The philosophy of science," a wag once wrote, "is about as much use to a scientist as ornithology is to birds." For "philosophy" one might equally well insert "history" or "sociology" but the message from the laboratory bench is clear. Scientists have to believe in their own objectivity if they are to succeed. Yet the humanities come to science bearing a new heresy called "cultural relativity". What, after all, is this "truth" for which scientists strive? And why, in the late 20th century, is science more likely to be associated, in the popular imagination, with Hiroshima and Chernobyl than it is with the eradication of smallpox?
We scientists work in a social and political environment that seems increasingly hostile to what we do. It is not that science is failing to produce the goods: there is now the prospect through molecular biology (to use one example) to breed better crops, cure diseases and even predict in advance whether a foetus will have a genetic disease. But instead of welcoming such advances, the public's reaction is often sceptical.
"The central aim of this book," the authors write in the introduction, "is to put afresh the argument for human progress." Progress, they argue, results from human actions. And these actions are going to throw up problems at the same time as they contribute solutions. "Indeed," they go on to say, "it is only through the creative process of problem solving and identifying new problems that the dynamics of progress unfolds." I take no issue with this argument. Yet, on reading further it appears they believe that this process is one for scientists only. Society is excluded.
"All in all," they write towards the end of the book, "intervention into biology, especially human biology, is condemned today as never before - at just the point where its potential benefits are also unprecedented." They comment on the outcry in 1994 when a 59-year-old woman had a baby: "Why do [people] not I speak of the advantages, in terms of meeting human needs and aspirations, that the new [fertility] methods promise?"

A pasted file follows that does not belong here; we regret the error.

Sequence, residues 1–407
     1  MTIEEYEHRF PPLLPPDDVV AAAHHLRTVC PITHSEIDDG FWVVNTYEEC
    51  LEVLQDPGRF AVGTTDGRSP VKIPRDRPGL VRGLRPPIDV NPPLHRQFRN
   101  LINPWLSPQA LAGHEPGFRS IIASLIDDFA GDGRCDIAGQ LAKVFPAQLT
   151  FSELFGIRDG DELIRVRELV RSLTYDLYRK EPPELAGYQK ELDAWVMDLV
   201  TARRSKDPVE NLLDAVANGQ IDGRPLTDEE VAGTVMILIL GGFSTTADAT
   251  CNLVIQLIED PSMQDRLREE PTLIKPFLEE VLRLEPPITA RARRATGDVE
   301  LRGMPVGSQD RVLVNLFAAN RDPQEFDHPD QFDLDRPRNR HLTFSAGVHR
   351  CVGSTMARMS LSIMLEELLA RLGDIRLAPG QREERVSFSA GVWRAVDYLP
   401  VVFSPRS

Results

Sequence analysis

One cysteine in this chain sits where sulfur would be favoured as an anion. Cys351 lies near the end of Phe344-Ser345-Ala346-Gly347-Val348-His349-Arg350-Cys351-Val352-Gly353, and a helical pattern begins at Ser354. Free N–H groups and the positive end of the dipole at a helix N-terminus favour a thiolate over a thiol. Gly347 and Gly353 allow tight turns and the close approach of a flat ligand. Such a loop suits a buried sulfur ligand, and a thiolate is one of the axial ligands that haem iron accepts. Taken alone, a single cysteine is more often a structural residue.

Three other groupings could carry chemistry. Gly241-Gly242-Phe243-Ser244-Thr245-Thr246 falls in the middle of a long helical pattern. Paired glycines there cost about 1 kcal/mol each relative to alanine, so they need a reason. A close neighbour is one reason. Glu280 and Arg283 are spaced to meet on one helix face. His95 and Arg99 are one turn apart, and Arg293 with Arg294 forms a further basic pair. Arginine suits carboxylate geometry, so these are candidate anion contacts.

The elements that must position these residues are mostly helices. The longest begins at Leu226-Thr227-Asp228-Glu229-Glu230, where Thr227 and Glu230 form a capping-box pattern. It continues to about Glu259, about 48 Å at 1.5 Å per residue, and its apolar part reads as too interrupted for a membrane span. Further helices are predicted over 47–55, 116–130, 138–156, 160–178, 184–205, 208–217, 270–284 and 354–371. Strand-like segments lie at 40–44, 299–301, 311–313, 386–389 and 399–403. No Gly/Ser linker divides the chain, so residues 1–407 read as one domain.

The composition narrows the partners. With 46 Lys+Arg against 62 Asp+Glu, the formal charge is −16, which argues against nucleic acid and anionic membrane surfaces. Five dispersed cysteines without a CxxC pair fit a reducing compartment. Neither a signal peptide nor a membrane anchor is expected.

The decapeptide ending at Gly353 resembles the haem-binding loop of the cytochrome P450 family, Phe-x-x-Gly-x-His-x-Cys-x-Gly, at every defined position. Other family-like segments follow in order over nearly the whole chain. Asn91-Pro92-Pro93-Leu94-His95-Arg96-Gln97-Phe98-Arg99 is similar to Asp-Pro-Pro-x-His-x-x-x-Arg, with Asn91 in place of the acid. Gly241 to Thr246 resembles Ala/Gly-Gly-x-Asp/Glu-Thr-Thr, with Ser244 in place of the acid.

Must society mutely applaud the ingenuity of the scientists responsible? Are questions about the social consequences of a teenager with a mother in her seventies not the legitimate concern of society at large? Of course they are.
Clearly there are strong antiscience trends in western society today. But does being antiscience necessarily mean being against progress? I think not. Environmental science has made enormous advances in the past 30 years. We understand now what the indiscriminate use of pesticides can do to ecosystems, for example, and this had led to a rethink of agricultural practice on a large scale. Progress must, occasionally, involve reversing out of a cul-de-sac of endeavour, rather than simply building bigger and better battering rams with which to forge ahead. Some of what the new technologies let us do was hitherto impossible but, in many cases, we can just perform old tricks much faster. Faster, perhaps than the ethical debate can keep pace. It is easy for scientists to interpret the resultant howls of anxiety as antiscience trends, particularly when the howls come gift-wrapped with quasi-mystical trimmings.
Unfortunately, the enticing prospect of a "clear and intelligible introduction to modern scientific thought" (the claim on the jacket) is largely unfulfilled because of the authors' strong views. I was not convinced by their arguments that quantum mechanics, along with chaos and complexity theory, has reinforced the view that humans must concede to nature and cannot fathom its subtleties. The development of ecology in the past 30 years along with the enormous power of the electronic media for bringing man's most excessive attempts to master nature into the living room seem equally influential, yet receive relatively little attention.
Many scientists probably share Gillott and Kumar's concern about the rise of antiscience feelings in the West. Yet the challenge is not simply, as Gillott and Kumar pretend, to "tackle the barriers to progress thrown up by society". It is to learn to differentiate between the genuine ethical concerns that some of the new technologies raise and the kneejerk reactions of a disillusioned, postindustrial generation.
Martyn Kelly is a freelance environmental consultant and science writer. He was formerly a research fellow, department of biological science, University of Durham.
Science and the Retreat from Reason
Author - John Gillott and Manjit Kumar
ISBN - 0 85036 433 7 and 451 5
Publisher - Merlin
Price - £18.95 and £10.95
Pages - 287